ECA reports global energy market estimate $1.9 trillion in investments while Africa’s share is modest


The Economic Commission for Africa (ECA) and the RES4Africa Foundation have jointly released a series of country regulatory reviews on electricity markets in Ethiopia, Rwanda, Zambia, South Africa and Ghana.

In 2020 alone, the global energy market saw about $1.9 trillion in investments, of which emerging and developing countries attracted 1/5th. Africa captured only a fraction, signaling the crucial importance of addressing private sector investment participation challenges in the electricity market. Towards this end, addressing regulatory and policy challenges in the sector is essential.

Ethiopia’s Growth and Transformation Plan I (GTP) outlined a 15-year plan with three 5-year phases to transform Ethiopia from a developing country to a middle income country by 2025. Under GTP I (2010-2015), the goal had been to increase the installed generation capacity from 2,000 MW to 10,000 MW primarily through hydro power projects. With some of those projects still under construction, the country currently has approximately 4,500 MW of installed generation capacity.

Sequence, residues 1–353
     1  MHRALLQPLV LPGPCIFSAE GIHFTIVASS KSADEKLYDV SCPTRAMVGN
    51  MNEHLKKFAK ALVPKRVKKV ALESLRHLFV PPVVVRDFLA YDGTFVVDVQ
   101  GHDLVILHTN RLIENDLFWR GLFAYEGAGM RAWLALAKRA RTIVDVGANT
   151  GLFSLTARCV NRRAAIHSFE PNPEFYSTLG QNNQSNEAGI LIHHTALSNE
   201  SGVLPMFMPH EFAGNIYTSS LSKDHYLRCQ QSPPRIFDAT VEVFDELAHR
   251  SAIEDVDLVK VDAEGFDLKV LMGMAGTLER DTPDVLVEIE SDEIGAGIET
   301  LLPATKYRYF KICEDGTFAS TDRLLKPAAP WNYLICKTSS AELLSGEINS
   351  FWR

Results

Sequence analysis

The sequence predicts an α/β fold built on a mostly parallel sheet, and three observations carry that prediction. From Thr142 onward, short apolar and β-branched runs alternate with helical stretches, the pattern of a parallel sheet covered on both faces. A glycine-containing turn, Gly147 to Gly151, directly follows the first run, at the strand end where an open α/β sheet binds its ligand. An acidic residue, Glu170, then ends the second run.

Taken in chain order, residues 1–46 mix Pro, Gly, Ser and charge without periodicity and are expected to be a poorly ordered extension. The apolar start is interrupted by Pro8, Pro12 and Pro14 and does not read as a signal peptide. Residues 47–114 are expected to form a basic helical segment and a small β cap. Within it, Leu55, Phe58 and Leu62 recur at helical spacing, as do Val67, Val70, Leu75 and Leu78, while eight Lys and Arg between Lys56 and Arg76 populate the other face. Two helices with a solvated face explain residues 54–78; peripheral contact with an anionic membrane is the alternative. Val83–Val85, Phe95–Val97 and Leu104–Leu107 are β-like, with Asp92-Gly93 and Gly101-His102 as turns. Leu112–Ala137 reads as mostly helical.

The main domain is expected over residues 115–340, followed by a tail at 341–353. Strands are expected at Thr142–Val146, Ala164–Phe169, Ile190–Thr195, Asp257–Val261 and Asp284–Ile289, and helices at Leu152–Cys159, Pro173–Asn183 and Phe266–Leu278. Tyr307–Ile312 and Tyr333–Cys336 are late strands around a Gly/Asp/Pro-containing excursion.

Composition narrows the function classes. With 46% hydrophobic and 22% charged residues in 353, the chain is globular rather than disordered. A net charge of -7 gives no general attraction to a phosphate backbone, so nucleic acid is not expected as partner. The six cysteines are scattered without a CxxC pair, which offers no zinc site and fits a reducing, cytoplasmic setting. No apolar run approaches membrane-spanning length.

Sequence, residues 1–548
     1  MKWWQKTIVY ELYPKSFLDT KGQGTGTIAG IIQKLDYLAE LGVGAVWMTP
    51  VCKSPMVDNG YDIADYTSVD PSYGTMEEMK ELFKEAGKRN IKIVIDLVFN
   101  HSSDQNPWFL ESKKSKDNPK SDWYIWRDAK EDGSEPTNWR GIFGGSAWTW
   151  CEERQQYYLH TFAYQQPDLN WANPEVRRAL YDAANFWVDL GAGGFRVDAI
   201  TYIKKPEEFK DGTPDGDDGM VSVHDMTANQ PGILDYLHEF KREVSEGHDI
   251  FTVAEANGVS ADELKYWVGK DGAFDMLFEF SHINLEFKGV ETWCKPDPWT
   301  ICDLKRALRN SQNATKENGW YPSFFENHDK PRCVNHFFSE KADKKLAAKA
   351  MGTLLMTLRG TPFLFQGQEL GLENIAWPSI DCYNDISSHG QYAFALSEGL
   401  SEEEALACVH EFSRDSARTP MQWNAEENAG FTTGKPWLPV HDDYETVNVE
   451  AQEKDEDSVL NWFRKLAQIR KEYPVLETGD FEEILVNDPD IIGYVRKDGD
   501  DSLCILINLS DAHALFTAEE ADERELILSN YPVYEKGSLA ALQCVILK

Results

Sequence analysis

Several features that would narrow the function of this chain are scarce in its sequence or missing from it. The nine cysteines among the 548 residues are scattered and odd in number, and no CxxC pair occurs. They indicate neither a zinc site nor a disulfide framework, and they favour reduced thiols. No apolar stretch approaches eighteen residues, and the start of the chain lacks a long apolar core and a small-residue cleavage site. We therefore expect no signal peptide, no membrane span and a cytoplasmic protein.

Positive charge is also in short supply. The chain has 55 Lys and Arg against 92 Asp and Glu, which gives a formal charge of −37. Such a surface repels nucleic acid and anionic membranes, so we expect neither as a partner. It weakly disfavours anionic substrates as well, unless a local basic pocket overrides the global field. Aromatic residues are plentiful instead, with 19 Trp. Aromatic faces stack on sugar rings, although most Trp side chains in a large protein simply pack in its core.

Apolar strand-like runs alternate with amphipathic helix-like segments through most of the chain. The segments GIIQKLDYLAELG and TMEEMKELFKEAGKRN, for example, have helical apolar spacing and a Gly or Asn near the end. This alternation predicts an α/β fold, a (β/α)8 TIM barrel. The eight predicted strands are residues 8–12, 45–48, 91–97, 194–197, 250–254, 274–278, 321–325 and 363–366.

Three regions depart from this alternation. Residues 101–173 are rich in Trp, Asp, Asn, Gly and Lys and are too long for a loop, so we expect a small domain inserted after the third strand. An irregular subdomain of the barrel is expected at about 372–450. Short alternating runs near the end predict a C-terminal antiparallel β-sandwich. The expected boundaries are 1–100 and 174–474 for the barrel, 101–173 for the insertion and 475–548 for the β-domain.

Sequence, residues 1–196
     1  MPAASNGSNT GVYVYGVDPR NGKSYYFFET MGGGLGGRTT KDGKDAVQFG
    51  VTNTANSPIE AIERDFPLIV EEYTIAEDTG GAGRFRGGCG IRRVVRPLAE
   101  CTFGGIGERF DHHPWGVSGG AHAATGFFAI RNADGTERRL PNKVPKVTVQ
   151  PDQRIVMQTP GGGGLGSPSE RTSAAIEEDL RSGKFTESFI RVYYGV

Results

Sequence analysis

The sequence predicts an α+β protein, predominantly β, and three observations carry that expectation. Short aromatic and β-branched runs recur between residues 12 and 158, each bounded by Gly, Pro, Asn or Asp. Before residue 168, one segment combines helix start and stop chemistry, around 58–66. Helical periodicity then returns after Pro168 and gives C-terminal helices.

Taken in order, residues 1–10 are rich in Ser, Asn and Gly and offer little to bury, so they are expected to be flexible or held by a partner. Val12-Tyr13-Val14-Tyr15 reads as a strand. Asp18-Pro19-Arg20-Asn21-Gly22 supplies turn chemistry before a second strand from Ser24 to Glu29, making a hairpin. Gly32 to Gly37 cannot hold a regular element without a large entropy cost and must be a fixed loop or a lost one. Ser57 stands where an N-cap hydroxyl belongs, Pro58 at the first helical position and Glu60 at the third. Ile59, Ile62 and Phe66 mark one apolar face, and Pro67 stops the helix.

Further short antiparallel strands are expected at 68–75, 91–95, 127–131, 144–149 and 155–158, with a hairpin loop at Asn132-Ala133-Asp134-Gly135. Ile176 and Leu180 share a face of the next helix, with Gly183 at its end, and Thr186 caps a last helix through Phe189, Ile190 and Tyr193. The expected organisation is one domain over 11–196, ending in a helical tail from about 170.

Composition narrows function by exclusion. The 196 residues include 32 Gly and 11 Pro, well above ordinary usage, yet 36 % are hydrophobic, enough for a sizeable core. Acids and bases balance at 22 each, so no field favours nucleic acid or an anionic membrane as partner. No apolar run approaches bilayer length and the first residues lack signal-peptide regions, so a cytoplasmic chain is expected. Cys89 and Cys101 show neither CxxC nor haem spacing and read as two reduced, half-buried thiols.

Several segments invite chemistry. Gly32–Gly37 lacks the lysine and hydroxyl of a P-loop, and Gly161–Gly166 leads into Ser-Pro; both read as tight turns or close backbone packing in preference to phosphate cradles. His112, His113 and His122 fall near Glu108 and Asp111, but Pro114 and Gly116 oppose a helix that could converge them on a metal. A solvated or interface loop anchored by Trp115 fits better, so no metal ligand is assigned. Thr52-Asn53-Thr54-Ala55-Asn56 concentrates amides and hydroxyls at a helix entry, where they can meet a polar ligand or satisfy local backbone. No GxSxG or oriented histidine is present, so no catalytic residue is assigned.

Mr. William Lugemwa, Director of ECA’s Private Sector Development and Finance Division, stated that “the work we do on national regulatory reviews, capacity support on regulatory system development using our upcoming software (ROAR), and our work with AUC on a continental framework on regulation and private sector participation are essential in working with member States towards regulatory improvements to meet SDG7 goals.”

Ethiopia has abundant renewable energy resources and has the potential to generate over 60,000 megawatts (MW) of electric power from hydroelectric, wind, solar and geothermal sources. As a result of Ethiopia’s rapid GDP growth over the previous decade, demand for electricity has been steadily increasing. Despite Ethiopia’s energy potential, the country is experiencing energy shortages and load shedding as it struggles to serve a population of over 110 million people and meet growing electricity demand that is forecast to grow by approximately 30% per year.